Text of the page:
Debugging with Node

Node has a wonderful debugger. As a front-end developer I’m mainly using Chrome’s tools but sometimes I run things in Node environment and this native feature comes handy. In this article we’ll see how to debug in the terminal using Node’s debugger.

When to use Node’s debugger

The native debugger is useful when we run Node programs trough the terminal and we want to see how they behave. We can run something in the console and expect what’s doing line by line. As most debuggers out there we have breakpoints, variable or expression watching, step-by-step execution.

How to run the debugger

All we have to do is adding debug to our command. Let’s get the following simple script:

// script.js

var Counter = function (text) {
  this.text = text;
  this.data = {
    words: 1,
    letters: 0
  }
};
Counter.prototype = {
  count: function () {
    for (var i=0; i < this.text.length; i++) {
      if (this.text.charAt(i) === ' ') {
        ++this.data.words;
      } else {
        ++this.data.letters;
      }
    }
    return this;
  },
  print: function () {
    console.log('Words: ' + this.data.words);
    console.log('Letters: ' + this.data.letters);
  }
};

(new Counter('Debugging in Node')).count().print();

It’s a small program that counts the words in a sentence and all the characters but not spaces. If we run the program now we’ll get the following result:

Debugging in Node.js

Let’s assume that there is a problem with the script and we want to run it in debug mode. We have to use node debug ./script.js:

Debugging in Node.js

Now our program is paused at the very first line and the debugger expects our input. Notice that the debugger is listeninig on specific port. This means that we can control it remotely and that’s what (I believe) node-inspector is using.

Available commands

While we are in debug mode we have several commands available. Let’s use the example above and see the most popular ones.

Next step (next or n)

next or n is used for moving one step forward. In our case the second step in the program is the prototype definition. After that we reach the point where we create an instance of the Counter class.

Debugging in Node.js

Notice the red arrows. They are showing where I typed n and pressed Enter.

Step in (step or s)

Just moving one step forward is not always enough. That’s because next step means next step but in the context of the current function. Sometimes we want to dive into another method. In such cases we use step in command.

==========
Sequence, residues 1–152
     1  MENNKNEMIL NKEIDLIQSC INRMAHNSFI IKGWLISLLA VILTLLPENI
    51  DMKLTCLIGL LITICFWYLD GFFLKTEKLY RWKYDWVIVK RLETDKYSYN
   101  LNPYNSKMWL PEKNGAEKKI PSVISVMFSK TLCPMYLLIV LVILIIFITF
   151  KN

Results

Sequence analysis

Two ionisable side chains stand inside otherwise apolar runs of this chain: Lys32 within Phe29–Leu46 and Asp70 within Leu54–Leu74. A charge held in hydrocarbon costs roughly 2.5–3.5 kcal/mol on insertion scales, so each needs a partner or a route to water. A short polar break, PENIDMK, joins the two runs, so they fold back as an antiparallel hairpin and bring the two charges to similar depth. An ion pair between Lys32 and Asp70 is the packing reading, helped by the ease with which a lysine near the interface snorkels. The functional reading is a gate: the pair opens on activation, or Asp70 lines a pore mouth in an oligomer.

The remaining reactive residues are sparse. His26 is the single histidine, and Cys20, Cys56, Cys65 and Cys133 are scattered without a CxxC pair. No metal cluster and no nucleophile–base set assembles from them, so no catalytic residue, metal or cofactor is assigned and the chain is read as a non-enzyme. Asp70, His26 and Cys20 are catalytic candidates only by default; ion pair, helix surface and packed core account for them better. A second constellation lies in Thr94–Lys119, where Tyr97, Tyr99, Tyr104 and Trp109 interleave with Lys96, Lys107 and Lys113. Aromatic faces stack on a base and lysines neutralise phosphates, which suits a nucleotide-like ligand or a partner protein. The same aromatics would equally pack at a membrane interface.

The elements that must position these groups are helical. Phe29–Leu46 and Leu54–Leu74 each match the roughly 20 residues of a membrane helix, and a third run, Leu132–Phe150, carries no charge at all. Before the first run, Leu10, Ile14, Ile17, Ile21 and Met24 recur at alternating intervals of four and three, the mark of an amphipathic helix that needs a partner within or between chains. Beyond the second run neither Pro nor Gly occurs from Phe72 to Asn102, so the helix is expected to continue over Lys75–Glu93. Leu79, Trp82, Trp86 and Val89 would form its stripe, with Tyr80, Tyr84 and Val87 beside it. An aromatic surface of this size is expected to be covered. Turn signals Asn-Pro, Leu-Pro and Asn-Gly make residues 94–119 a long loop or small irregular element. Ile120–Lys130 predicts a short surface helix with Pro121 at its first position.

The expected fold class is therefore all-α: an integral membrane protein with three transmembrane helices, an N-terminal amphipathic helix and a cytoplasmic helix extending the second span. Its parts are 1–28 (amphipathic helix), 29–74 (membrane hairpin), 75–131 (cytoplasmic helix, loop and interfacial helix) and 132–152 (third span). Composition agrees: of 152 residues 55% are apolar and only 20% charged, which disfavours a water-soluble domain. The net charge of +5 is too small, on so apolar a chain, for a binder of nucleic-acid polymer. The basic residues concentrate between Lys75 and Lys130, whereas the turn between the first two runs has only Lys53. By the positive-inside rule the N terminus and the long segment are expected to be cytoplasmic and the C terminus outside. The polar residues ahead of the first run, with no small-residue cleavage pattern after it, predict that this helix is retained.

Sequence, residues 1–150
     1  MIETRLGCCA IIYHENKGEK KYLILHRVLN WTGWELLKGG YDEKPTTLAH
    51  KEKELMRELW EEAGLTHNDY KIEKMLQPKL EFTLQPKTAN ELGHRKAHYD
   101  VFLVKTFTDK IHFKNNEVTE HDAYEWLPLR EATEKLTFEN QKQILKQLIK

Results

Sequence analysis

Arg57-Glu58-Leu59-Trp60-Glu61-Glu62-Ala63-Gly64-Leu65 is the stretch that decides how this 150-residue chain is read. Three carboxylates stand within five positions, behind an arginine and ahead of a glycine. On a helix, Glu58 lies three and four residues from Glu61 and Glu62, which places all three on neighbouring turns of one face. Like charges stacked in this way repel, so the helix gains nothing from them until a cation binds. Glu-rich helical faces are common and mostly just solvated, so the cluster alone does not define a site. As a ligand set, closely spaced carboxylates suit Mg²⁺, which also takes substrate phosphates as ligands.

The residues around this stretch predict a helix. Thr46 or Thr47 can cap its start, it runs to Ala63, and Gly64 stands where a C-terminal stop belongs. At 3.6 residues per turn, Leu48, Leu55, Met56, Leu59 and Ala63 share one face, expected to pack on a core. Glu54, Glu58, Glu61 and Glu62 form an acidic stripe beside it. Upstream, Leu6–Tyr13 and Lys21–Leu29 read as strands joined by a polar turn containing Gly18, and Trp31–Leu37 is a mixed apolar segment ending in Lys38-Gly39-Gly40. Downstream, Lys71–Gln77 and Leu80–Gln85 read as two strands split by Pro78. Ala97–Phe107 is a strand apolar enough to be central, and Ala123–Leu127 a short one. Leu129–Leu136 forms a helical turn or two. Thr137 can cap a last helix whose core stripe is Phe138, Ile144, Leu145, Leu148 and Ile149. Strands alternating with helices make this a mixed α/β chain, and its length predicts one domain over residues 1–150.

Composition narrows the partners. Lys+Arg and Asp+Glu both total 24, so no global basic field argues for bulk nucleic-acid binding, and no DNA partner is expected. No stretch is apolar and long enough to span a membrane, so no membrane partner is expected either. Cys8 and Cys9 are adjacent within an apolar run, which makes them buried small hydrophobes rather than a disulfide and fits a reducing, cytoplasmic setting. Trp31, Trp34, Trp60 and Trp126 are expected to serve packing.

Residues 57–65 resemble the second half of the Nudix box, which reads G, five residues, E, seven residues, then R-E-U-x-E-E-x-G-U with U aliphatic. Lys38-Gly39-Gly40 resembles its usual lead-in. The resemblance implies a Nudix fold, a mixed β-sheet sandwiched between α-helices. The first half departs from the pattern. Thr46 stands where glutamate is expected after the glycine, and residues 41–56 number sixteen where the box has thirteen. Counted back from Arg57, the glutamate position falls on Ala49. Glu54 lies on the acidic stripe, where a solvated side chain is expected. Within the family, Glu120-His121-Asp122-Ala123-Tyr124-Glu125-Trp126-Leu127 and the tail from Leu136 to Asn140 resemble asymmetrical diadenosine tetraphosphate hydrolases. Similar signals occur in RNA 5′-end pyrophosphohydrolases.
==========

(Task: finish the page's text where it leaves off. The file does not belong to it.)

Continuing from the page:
Debugging in Node.js

We use n till we reach the line that creates an instance of our Counter class. Sending s forces the debugger to jump inside the Counter function.

Step out (out or o)

Once we finish inspecting a function we may want to go out and continue the program’s execution. Following the example above and sending o moves the debugger to the count() call.

Debugging in Node.js

Continue execution (cont or c)

When we debug complex applications we have lots of stuff happening. Very often we have long execution path and in order to reach the interesting part we have to pass several functions. next command is not working well in such cases simply because we have to run it multiple times. It’s better to use cont or c. It tells to the debugger “Continue till you find a breakpoint”. We didn’t set any breakpoints so far so typing c as a first command executes the whole program and we see the result.

Debugging in Node.js

Setting a breakpoint

To be honest I’m not using commands to set breakpoints. This is possible by using setBreakpoint() or sb() which sets a breakpoint at the current line. Same functions accept a line number so we can break at specific line. What I’m doing is adding debugger; statement in my code. This acts as a breaking point (it works in a browser too).

Let’s say that we want to inspect the loop that reads the words in my sentence. In the very beginning of the count function we add debugger;:

count: function () {
  debugger; // <---- breakpoint
  for (var i=0; i < this.text.length; i++) {
    if (this.text.charAt(i) === ' ') {
      ++this.data.words;
    } else {
      ++this.data.letters;
    }
  }
  return this;
},

If we run the debugger it will pause at the first line of the script. Then pressing c will instruct the debugger to continue till it finds a breakpoint or the program finishes.

Debugging in Node.js

Increase visibility

You probably noticed that we see just five lines of our program at a time. Sometimes we want to see more. list command is exactly about that. It accepts a digit and that’s the number of the visible code lines. For example:

Debugging in Node.js

Watching

The last command that we’ll check in details is watch. It accepts an expression and it is printing it out at every debugging step. To illustrate how it works we’ll use the following expression:

watch("this.text.charAt(i)")

Of course this.text doesn’t makes sense everywhere. It is available in the count function and that’s where it returns a proper value. In the first steps we just get <error> displayed.

Debugging in Node.js

However, if we move forward and reach the for loop we’ll see the exact character read.

Debugging in Node.js

Other commands

There are some other commands which I personally don’t use. A full list of the available ones could be found here.

Alternatives

There are some other alternatives for debugging Node.js scripts. Most of the them involve GUI.

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